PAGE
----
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Guide to HR Compliance Regarding AI Tools per U.S. Employment Laws

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If tools make life easier, then rules make it easier to live together. It’s reflected in our concerns and priorities of getting the law right with every new social arrangement, technology, and even sports! So, when AI tools are making mainstream marks, it’s natural that employment laws are under the spotlight to get it right. As HR managers, it’s not only crucial to stay on top of these HR policies but also contribute to their shaping up.

In this guide on HR compliance and workplace policy, we’ll see how the existing employment laws are put to the test by AI hiring tools. We’ll go through the ethical and legal implications of integrating AI’s case from the perspective of both the employer and the candidates.

But let’s first get a refresher on some of the pertinent HR regulations and HR laws to start on the changes required, challenges faced, and status quo.

What are employment laws?

Employment laws refer to a set of rules and regulations that govern the employee-employer relationship at a workplace. These laws are designed to protect the rights and interests of workers and ensure that employers provide a safe and fair workplace.

It’s noteworthy that each state in the United States has its own set of employment laws in addition to federal employment laws. These state laws can vary widely in terms of scope and specifics, but they generally cover many of the same topics as federal employment laws.

All the HR compliance, workplace policies, or office rules you hear (and adhere to) are derived from these employment laws.

Overview of key employment laws of the U.S. Department of Labor

There are numerous employment laws that are administered federally by the U.S. Department of Labor or DOL[1]. In fact, 180+ laws are administered and regulated by the organization. They cover workplace policy and activities for over 10 million workplaces and 150 million workers.

Some of the key employment laws include:

Fair Labor Standards Act (FLSA)

One of the pivotal employment laws, this one has a direct bearing on HR compliance and workplace policy. The FLSA[2] establishes federal minimum wage, overtime pay, child labor standards, and record-keeping requirements for employers. It sets the standard for working conditions and regulates the maximum hours that employees can work in a week.

Occupational Safety and Health Act (OSHA)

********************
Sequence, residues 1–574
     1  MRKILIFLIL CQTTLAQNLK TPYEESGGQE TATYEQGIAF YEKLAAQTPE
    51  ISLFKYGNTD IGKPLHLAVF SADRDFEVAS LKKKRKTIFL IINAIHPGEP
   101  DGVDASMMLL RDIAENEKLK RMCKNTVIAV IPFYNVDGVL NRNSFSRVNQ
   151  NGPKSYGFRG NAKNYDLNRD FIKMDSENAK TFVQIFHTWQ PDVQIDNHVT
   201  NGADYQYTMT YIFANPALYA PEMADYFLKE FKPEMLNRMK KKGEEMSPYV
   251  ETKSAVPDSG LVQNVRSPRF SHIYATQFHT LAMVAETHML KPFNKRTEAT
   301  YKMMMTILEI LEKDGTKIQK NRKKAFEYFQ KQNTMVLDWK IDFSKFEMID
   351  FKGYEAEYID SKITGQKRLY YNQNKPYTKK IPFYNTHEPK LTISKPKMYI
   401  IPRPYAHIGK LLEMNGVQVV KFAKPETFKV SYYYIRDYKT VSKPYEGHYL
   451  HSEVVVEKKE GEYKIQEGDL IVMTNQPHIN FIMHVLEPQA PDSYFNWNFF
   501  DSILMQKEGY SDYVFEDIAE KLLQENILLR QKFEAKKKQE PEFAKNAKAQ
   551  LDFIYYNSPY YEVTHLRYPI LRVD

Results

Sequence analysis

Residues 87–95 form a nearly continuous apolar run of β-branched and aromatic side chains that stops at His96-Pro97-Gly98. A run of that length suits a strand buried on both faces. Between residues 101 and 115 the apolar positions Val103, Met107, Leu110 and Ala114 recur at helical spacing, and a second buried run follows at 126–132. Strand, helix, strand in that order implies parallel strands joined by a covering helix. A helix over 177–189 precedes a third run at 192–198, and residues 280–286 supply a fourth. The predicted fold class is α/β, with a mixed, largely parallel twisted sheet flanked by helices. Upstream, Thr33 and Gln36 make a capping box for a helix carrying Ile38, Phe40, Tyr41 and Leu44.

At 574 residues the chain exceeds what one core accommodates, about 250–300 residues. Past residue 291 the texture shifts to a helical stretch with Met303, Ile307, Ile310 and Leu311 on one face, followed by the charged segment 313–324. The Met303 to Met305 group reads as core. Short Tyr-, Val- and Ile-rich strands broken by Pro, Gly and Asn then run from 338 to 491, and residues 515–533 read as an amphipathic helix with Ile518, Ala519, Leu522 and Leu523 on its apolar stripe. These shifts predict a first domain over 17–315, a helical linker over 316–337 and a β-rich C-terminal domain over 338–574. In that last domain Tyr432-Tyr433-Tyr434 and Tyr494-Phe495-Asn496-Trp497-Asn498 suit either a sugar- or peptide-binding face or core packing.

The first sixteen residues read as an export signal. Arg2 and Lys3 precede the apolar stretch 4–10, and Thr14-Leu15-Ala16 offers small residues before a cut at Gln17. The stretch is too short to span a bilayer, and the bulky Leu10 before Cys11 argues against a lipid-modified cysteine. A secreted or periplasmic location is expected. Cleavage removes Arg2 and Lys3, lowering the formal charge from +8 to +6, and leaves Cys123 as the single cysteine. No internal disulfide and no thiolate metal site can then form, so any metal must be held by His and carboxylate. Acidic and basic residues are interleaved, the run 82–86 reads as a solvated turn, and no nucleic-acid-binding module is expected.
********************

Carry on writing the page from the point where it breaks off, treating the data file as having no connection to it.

OSHA[3] establishes workplace safety and health standards and regulations to ensure that employers provide a safe working environment for their employees. It also provides for enforcement of these standards and penalties for non-compliance.

Family and Medical Leave Act (FMLA)

The FMLA[4] requires employers with 50 or more employees to include in their HR policy provision for 12 weeks of unpaid leave per year for qualified medical and family reasons. These reasons include the employee’s own serious health condition, the birth or adoption of a child, caring for a family member with a serious health condition, or the.

Americans with Disabilities Act (ADA)

The ADA[5] prohibits employment discrimination against people with disabilities and demands employers to make reasonable accommodations for qualified individuals with disabilities.

Title VII of the Civil Rights Act of 1964

Title VII[6] prohibits employment discrimination on the basis of race, color, religion, sex, or national origin. It also prohibits retaliation against employees who file complaints about discrimination.

The last employment law that directs the HR policies around workplace discrimination has been put to the test recently in a class action. It’s a first of its kind and worth noting.

Case of the alleged AI hiring discrimination

A class action lawsuit has been initiated against Workday, Inc. (“Workday”) in the Northern District Court of California on February 21, 2023[7]. The lawsuit claims that the company violated laws related to race, age, and disability discrimination by providing applicant-screening tools to its customers that incorporate hiring bias in AI algorithms.